One Day Tom Brokaw Will Seem Like Walter Lippmann and Then I'll Really Have Something to Complain About
In the late 1990s, Doug McLennan created Arts Journal, a comprehensive aggregator of cultural journalism; for the past couple of years has been in charge of whatever is going on with the National Arts Journalism Program, which gave out fellowships at Columbia University for a while. (Until, one day, it didn't. I'm not really sure what happened there.) He's had a blog at AJ, Diacritical, that has been pretty episodic, goings weeks and longer without new activity. Totally understandable, of course; the man has enough else to do.
But it looks like he's resuming it, starting with some considerations on how badly the notion of the newspaper as part of "mass culture" serves us, especially now:
Newspapers have not traditionally been mass market. In fact they were the classic niche subsidy model. The genius of newspapers was that they aggregated lots of mini-content - comics, bridge columns, stock tables, crossword puzzles, the arts, business, sports - and built enough of a combined audience to subsidize the content that otherwise would not have paid for itself.....
Yet somewhere along the way, this idea of niche aggregation slipped away from the local paper and was replaced by the sense that every story ought to be comprehensible by every reader. The problem: in a culture that increasingly offers more and more choice and allows people to get more precisely what they want, when they want, and how they want it, a generalized product that doesn't specifically satisfy anyone finds its audience erode away. The more general, the more broad, the more "mass culture" a newspaper tries to become, the faster its readers look elsewhere.
This point seems perfectly obvious -- until you stop to ask why, if it's so obvious, the point is so obviously being missed.
Instead, the anxious effort to "draw younger eyes" tends to follow only too well-established patterns, which McLennan sums up as "Britney Spears on the cover, pandering to pop culture trends, sensationalist news stories that offer more heat than light." All of which can be handled better (if "better" is the word for it) by other media.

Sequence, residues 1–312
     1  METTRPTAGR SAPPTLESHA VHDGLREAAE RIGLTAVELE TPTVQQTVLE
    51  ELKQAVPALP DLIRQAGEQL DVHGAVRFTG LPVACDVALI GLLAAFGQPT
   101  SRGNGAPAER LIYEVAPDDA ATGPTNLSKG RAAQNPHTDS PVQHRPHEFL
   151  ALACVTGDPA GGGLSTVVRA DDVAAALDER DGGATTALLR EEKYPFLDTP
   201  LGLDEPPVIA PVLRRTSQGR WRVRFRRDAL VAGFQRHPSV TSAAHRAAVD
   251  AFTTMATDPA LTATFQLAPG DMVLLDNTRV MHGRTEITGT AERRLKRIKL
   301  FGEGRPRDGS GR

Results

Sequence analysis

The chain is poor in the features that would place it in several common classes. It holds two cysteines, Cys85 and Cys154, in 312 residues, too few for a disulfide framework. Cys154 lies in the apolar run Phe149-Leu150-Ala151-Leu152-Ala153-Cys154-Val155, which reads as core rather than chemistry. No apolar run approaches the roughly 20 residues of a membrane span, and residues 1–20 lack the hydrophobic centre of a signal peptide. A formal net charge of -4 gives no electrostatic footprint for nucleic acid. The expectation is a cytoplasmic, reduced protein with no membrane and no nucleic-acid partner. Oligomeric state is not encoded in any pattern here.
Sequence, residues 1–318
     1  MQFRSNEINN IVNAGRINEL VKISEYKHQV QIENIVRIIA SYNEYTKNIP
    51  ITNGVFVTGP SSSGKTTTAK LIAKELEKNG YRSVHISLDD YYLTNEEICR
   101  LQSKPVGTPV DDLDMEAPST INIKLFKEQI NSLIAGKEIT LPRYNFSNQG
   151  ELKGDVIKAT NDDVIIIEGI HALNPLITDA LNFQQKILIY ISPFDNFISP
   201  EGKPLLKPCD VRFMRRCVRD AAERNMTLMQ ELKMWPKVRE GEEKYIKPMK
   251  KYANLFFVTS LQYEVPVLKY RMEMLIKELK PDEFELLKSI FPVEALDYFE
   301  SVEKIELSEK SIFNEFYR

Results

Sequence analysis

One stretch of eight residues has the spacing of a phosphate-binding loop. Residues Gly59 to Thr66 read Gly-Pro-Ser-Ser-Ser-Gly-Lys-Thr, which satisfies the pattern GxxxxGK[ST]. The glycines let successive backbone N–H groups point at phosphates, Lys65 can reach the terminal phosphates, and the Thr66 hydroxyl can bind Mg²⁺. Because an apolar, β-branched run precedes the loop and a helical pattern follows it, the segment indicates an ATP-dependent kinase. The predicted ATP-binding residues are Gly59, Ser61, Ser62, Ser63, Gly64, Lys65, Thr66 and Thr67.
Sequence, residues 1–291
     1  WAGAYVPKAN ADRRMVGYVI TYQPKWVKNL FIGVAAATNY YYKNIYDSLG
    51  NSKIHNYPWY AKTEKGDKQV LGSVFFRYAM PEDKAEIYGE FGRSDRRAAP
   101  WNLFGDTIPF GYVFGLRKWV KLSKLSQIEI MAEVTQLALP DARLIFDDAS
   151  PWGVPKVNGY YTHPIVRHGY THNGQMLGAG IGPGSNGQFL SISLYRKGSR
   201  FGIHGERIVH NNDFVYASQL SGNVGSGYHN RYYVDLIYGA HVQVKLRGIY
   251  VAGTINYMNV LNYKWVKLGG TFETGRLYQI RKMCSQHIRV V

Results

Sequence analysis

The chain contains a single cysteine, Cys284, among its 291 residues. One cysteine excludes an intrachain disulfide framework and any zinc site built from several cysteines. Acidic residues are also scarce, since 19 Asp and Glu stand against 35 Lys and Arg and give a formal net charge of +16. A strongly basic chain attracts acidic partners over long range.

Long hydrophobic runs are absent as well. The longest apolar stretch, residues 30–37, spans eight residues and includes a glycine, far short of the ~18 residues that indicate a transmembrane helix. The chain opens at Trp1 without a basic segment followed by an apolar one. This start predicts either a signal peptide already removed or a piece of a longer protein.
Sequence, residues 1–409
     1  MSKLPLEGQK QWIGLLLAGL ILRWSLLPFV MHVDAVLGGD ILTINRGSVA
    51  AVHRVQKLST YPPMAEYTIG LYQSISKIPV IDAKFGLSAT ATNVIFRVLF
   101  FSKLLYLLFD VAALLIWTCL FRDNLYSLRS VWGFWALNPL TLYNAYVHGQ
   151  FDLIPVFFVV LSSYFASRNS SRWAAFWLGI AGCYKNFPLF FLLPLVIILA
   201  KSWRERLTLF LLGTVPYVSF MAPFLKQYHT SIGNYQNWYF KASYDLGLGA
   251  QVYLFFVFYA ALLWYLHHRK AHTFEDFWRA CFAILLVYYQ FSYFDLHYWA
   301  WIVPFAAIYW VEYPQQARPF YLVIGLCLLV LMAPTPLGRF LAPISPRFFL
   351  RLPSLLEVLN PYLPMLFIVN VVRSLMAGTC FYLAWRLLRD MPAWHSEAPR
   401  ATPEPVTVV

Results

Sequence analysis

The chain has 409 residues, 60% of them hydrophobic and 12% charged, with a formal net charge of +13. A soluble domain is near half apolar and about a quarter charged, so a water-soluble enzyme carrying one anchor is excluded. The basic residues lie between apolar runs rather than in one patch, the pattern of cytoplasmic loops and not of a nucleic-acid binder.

He indicates that the next item at the blog will discuss just how big the audience for celebrity effluvia really is. It's certainly not the kind of thing that builds up a steady following, a public. I take it that his intention is to try to argue against the dumbing-down trend on more or less rational grounds.
The effort is admirable, but probably mistaken -- premised on much too generous a sense of how decisions are made. It's not that the people in charge are adapting themselves to a "media surround" that is otherwise foreign to them. On the contrary. They are in it, and of it, more and more all the time. Print journalism is not the "first draft of history" but now, rather, the first draft of CNN. And everybody seems pretty much okay with that.
Long ago, the badness of the writing in Time magazine was so distinctive that people referred to "Timestyle." (Dwight Macdonald did a parody of it, and ended up being hired by Henry Luce. Tough luck, that.) But it was something that evolved in a closed-off cultural institution answerable only to its own rules -- a publication that revelled in its power to define what counted as news. It was crappy, yes, but it was an inner-directed crappiness.
Today the crappiness of Time is other-directed. A good example, from the current issue, is the "interview" based on questions sent in by readers. Its subject is Tom Brokaw, who is famous for ... uh, reading stuff on NBC Nightly News? A celebrity, anyway. Someone well known for being well known.
Such crud is the product of a sensibility for which TV itself is the cultural dominant. The day when Walter Lippmann could call newspapers the equivalent of a book -- among the most important books published in a democracy, he said, because it was the only one most citizens read, let alone read daily -- is probably over, because his point wouldn't be understood by the people who edit and publish them.
(crossposted from CT )
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